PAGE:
31. Telegram From the Department of State to the Embassy in Pakistan1

65773. Subject: Provisional Government of Bangla Desh.

Pakistan Ambassador Hilaly told Van Hollen on instructions April 16 that Government of Pakistan wished to bring to USGʼs attention possible approach by representatives alleging to represent “Provisional Government of Bangla Desh.”
Hilaly said India had permitted establishment provisional government on its territory and was providing financial support. In GOP view, such provisional government exists only in GOIʼs imagination, is designed to justify Indian intervention, and to aggravate already serious situation.
Hilaly said GOP understands that several representatives of so-called Provisional Government already have gone abroad to seek support. One such representative, Zakaria Choudhury, has already arrived in London. According Reuter news report London, April 15, he has held press conference and has been interviewed on BBC, claiming that Bengali separatists control three fourths of East Pakistan. Same news report states that FCO has refused receive Choudhury.
Hilaly concluded by saying that it was probable that another representative of Bangla Desh would come to Washington in effort see USG officials. In anticipation of this possibility, he had been asked formally to advise USG that GOP considered establishment of Provisional Government as essentially Indian-sponsored action. Representatives of [Page 76] Bangla Desh, who have been charged with treason, have no right to speak regarding Pakistan.2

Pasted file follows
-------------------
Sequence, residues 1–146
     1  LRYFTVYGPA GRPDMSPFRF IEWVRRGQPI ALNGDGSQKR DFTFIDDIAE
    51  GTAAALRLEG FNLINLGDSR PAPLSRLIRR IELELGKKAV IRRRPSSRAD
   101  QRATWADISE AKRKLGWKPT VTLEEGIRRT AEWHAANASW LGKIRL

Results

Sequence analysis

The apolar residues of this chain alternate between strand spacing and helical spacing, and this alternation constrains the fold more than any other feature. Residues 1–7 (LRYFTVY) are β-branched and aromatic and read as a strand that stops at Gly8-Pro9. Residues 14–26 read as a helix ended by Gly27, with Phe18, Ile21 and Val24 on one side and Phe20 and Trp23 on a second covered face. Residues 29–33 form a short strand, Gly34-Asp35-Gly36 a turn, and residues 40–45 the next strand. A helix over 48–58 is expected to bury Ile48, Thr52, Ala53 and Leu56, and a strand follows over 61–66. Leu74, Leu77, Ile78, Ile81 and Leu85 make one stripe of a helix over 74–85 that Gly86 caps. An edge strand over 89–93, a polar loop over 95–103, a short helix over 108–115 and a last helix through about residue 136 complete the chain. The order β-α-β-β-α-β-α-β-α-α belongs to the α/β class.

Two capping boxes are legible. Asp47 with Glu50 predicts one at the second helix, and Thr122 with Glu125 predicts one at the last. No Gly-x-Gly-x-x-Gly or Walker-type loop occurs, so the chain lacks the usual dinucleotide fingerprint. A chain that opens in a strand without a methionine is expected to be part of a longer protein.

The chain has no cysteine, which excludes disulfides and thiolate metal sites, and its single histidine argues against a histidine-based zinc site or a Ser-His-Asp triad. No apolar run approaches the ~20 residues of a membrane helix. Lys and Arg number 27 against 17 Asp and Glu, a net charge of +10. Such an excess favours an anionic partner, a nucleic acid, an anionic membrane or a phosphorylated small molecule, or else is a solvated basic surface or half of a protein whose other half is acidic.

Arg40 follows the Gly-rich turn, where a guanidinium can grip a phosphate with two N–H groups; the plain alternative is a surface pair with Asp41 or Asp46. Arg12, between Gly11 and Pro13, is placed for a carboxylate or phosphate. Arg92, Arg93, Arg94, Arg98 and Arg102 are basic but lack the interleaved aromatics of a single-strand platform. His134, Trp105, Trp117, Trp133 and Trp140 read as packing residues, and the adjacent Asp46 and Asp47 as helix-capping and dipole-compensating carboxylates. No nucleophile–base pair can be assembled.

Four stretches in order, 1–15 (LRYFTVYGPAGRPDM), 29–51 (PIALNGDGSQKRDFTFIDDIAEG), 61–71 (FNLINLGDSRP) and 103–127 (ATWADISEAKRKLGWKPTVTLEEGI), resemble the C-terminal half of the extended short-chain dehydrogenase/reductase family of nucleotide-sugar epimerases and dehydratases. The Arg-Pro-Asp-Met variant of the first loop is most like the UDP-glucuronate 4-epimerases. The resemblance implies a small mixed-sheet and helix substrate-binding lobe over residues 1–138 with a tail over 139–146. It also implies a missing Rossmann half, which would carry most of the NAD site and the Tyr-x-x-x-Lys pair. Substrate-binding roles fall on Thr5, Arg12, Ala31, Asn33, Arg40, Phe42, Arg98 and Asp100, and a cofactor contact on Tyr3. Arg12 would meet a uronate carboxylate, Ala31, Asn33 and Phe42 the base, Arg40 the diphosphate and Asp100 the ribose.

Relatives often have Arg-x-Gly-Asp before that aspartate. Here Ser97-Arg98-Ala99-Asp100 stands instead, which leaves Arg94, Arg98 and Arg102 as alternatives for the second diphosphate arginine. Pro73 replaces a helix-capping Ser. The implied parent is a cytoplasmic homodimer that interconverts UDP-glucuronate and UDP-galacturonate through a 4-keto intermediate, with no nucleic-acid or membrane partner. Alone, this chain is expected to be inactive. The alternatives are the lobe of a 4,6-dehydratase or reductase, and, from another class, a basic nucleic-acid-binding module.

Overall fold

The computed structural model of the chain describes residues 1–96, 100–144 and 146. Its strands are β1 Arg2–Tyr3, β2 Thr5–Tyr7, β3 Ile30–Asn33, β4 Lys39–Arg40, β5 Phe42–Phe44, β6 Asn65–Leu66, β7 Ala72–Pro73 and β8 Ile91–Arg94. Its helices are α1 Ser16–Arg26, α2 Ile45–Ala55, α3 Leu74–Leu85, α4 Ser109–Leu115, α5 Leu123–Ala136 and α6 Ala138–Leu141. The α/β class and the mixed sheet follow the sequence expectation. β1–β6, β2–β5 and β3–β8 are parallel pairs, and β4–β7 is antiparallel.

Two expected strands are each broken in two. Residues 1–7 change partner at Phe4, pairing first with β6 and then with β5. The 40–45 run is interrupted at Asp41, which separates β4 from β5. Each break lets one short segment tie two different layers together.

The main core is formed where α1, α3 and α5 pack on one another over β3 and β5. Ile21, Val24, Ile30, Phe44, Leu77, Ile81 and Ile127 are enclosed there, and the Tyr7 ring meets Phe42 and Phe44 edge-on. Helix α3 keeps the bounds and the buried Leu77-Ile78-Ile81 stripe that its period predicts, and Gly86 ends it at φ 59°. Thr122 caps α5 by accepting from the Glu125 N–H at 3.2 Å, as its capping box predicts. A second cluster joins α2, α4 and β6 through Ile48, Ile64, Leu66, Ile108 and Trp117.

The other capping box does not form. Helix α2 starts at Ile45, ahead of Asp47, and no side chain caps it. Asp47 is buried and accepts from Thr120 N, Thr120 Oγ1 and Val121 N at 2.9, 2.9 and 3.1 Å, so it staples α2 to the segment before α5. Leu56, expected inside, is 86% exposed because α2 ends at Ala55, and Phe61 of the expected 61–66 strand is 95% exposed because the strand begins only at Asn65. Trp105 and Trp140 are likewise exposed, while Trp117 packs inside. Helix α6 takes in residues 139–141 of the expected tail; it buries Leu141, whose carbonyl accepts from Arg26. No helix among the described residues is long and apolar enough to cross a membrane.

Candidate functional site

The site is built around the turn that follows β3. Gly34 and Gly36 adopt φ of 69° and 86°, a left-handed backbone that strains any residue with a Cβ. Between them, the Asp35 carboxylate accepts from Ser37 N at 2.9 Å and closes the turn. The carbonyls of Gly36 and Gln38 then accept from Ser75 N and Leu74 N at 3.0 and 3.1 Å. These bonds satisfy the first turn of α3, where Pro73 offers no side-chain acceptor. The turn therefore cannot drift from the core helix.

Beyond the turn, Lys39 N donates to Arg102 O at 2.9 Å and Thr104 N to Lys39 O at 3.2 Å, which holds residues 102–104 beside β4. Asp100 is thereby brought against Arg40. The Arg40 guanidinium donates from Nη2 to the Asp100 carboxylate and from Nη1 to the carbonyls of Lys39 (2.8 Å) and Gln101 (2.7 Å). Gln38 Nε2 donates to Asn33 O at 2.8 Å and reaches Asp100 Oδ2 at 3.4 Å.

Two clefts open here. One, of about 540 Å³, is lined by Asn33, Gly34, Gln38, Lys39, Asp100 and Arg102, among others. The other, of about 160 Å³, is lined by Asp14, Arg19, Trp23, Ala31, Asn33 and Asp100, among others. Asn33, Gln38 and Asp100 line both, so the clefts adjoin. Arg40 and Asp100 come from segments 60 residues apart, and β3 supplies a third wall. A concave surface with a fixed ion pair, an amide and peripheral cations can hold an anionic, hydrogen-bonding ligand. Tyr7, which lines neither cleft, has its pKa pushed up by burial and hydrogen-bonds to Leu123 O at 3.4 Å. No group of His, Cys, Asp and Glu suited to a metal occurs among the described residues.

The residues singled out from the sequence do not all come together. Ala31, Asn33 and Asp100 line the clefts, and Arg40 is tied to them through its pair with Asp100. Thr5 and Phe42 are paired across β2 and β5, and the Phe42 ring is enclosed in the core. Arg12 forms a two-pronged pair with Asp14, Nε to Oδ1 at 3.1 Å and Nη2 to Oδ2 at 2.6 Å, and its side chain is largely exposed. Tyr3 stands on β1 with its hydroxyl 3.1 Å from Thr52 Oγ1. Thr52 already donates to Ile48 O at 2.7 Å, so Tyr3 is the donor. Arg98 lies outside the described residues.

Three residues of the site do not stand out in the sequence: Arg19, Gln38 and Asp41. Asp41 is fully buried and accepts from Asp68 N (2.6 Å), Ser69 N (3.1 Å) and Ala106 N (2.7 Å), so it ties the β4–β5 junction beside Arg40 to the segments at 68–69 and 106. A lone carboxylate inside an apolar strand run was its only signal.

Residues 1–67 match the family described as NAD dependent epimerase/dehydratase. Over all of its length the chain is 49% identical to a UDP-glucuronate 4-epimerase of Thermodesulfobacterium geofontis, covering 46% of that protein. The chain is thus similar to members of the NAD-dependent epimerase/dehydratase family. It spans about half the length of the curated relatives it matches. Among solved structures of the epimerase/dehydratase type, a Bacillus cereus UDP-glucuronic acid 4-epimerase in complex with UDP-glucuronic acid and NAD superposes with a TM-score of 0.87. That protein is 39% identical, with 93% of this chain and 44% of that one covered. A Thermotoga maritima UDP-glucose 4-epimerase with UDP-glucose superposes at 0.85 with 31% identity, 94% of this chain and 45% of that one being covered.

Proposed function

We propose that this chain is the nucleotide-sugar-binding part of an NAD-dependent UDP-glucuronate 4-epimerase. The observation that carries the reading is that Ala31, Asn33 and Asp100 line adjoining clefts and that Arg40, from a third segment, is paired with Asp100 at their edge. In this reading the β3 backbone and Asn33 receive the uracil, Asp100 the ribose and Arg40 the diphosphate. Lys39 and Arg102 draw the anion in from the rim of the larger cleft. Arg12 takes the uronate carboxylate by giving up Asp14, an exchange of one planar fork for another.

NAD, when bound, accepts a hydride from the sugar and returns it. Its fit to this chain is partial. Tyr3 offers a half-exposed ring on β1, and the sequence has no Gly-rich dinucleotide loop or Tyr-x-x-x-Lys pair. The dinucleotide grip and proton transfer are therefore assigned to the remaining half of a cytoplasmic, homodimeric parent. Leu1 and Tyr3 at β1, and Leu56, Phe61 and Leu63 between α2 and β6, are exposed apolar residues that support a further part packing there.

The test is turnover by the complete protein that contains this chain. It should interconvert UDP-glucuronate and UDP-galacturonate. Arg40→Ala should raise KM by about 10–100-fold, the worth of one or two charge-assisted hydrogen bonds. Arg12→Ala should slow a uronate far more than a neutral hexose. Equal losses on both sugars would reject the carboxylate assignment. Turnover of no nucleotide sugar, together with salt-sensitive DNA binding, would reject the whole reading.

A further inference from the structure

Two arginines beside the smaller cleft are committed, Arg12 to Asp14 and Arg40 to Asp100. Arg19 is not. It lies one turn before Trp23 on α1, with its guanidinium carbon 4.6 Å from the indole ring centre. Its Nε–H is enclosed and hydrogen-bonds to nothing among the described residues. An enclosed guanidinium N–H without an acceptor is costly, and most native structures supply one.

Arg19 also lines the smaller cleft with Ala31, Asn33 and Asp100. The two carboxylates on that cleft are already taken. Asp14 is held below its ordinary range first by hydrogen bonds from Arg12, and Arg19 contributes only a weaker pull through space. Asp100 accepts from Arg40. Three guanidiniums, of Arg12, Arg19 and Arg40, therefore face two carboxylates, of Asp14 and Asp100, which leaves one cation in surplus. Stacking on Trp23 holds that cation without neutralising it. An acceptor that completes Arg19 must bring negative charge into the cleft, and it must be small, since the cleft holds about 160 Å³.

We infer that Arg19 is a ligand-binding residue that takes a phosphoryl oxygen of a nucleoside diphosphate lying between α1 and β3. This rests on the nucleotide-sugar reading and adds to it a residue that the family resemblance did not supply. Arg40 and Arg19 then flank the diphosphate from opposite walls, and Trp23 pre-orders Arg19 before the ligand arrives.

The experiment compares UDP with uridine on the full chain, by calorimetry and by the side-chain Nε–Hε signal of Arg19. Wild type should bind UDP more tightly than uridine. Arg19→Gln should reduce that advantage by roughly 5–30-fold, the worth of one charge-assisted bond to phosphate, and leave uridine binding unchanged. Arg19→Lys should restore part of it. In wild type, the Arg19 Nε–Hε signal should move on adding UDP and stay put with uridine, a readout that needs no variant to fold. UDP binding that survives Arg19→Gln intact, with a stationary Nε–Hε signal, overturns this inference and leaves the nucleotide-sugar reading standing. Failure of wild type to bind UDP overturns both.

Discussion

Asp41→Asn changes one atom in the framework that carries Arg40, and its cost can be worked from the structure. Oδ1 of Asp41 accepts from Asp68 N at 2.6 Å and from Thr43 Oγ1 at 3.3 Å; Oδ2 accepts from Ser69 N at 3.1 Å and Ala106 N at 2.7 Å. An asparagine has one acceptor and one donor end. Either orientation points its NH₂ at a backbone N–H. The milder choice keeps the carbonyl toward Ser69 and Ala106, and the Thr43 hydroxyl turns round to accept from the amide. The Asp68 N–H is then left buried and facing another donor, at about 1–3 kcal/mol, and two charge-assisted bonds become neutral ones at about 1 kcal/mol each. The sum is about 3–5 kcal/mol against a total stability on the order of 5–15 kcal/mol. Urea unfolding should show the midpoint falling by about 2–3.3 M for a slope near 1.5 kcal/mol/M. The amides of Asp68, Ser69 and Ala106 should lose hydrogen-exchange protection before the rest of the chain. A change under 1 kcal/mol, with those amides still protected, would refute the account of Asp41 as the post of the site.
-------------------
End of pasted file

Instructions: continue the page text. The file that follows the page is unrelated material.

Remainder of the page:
For London: Would appreciate any information re activities Zakaria Choudhury, including any efforts he may have made to approach FCO.
For Dacca: Do you have any data on Choudhury?
  1. Source: National Archives, RG 59, Central Files 1970–73, POL 15 PAK. Confidential. Drafted and approved by Van Hollen and cleared by Spengler (NEA/PAF). Also sent to London and Dacca and repeated to New Delhi, Calcutta, Bombay, Lahore, and Karachi.
  2. On April 13 a representative of the Awami League called on the British Deputy High Commissioner in Calcutta and indicated that “Bangla Desh Prime Minister” Tajuddin Ahmed wanted to meet with U.S. and British officials. (Telegram 641 from Calcutta, April 13; ibid., POL 23–9 PAK) The Consulate General in Dacca confirmed that Ahmed was a key figure in the Bengali resistance and would probably emerge as political head of the resistance movement. (Telegram 1297 from Dacca, April 14; ibid.) Although British officials agreed to meet with Ahmed, the Department instructed the Consulate in Calcutta to decline to do the same. The Department felt that such a meeting arranged through the British raised questions about the organization Ahmed represented and could have implications regarding recognition of a government of Bangla Desh. The Department did not preclude, however, future meetings with Ahmed or other representatives of the Awami League. (Telegram 62715 to Calcutta, April 14; ibid)